Washington, D.C. Immersion Trip
On this unique alternative spring break, students spent a packed four days in Washington, D.C., becoming familiar with the city and the people who run it through the eyes of Fairfield alumni living and working there. They toured the Capitol, participated in meetings hosted by congressmen, senators, legislative staffers and a variety of organizations such as the World Bank, the Department of Education and the U.S. Institute of Peace.
Among other things, in “take-aways” from the trip, students noted the number of job opportunities in the government, the value of internships and networking—especially with Fairfield alumni—and the importance of keeping hope alive despite challenges.
Fairfield students made an impression on those they met. After the visit, one representative from the U.S. Department of Education responded, “You should know that they left a lasting impression on staffers here as well. I must say that I’m utterly impressed with their level of follow-through and am looking forward to maintaining many of the connections I’ve made.”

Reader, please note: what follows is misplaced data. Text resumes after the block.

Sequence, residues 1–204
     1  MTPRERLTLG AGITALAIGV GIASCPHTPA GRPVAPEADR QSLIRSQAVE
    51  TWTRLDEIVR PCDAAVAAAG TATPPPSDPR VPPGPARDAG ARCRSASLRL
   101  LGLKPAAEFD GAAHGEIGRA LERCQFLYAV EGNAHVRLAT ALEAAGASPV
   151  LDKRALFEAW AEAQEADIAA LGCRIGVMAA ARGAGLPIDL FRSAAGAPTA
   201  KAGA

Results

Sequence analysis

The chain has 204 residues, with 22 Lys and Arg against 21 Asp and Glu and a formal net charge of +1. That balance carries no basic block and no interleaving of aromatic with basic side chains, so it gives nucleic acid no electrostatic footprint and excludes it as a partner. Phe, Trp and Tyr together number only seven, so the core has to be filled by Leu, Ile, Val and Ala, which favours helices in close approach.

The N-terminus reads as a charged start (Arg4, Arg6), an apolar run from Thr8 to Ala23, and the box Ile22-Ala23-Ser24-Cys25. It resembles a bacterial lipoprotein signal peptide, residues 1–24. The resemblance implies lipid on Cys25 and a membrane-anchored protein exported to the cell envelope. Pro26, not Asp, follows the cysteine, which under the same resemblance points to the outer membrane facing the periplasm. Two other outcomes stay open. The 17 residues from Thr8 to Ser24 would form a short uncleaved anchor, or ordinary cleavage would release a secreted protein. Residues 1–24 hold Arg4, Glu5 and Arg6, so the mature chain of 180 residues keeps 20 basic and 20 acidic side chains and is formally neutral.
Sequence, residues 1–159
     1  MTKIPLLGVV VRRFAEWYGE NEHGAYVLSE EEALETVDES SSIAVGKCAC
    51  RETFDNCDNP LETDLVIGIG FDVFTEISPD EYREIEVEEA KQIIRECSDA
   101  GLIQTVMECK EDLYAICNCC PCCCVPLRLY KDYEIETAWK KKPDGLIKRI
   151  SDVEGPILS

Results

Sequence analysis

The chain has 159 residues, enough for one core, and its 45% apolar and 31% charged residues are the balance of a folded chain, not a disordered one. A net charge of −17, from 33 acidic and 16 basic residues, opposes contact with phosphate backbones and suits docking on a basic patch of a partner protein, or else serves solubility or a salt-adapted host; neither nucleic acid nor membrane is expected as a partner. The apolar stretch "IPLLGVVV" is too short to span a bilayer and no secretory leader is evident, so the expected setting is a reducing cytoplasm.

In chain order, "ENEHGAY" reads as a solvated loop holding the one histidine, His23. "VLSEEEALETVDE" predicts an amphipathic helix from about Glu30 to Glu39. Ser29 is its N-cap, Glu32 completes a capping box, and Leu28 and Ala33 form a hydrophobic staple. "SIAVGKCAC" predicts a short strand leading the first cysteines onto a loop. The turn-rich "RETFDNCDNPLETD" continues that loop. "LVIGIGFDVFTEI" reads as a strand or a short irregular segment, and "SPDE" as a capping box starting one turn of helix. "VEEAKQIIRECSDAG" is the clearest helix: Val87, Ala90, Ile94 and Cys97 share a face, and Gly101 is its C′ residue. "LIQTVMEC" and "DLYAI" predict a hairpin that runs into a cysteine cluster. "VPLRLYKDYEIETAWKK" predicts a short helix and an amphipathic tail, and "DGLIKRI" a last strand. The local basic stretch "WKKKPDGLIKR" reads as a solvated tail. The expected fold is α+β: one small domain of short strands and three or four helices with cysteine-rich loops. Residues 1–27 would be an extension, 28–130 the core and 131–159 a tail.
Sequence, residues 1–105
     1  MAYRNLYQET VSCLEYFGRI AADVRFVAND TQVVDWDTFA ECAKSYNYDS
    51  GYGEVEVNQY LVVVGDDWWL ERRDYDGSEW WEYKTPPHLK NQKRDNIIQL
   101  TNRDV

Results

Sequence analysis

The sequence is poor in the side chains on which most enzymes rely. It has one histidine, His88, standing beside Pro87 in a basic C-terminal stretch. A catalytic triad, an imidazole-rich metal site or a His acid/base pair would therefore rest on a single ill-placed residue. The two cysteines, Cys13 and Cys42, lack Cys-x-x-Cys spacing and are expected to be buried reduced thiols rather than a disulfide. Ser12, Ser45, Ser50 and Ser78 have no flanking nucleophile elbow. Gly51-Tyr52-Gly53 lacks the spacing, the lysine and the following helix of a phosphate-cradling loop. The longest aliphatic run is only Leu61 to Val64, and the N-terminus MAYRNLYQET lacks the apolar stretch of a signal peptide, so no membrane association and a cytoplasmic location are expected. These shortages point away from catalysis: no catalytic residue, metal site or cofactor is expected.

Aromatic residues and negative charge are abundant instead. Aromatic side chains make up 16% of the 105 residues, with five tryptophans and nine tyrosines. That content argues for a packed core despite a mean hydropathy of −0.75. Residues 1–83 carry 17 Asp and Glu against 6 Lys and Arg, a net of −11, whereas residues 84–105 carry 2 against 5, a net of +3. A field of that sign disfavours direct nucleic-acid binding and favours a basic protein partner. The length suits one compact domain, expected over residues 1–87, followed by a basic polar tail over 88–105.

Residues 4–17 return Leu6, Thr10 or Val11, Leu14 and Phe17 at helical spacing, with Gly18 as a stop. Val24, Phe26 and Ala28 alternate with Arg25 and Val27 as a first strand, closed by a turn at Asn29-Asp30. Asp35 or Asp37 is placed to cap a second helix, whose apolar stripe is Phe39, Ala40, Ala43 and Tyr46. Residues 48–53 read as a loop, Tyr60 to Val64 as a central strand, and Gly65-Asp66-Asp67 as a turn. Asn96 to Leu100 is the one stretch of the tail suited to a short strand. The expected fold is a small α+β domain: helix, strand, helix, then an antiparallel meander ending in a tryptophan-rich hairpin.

In addition to these trips, two groups went to Managua, Nicaragua—a nursing service learning group working to address community-identified health issues, and a group who collaborated on a joint service project with the Department of Peace & Justice Studies. Another group of students enrolled in the Writing and Responding service-learning course went to New Orleans, where they learned about literacy sponsorship, the function of writing centers, and developed skills responding to writers in a variety of contexts.
As is usually the case with the Alternative Spring Breaks, students gained at least as much from the experience as those they served. The Urban Plunge group took inspiration about service from Henri Nouwen, a renowned priest and writer: "We are not called to save the world, solve all problems, and help all people. But we each have our own unique call, in our families, in our work, in our world. We have to keep asking God to help us see clearly what our call is and to give us the strength to live that call with trust. Then we will discover that our faithfulness to our small task is the most healing response to the illness of our time.”
One student, Kerri Beine ’18, said it well: “I learned that it doesn’t matter where you come from…at the end of the day we’re all connected…I may have been able to teach a few words of English to the people I met in Atlanta, but they taught me more than I could’ve imagined.”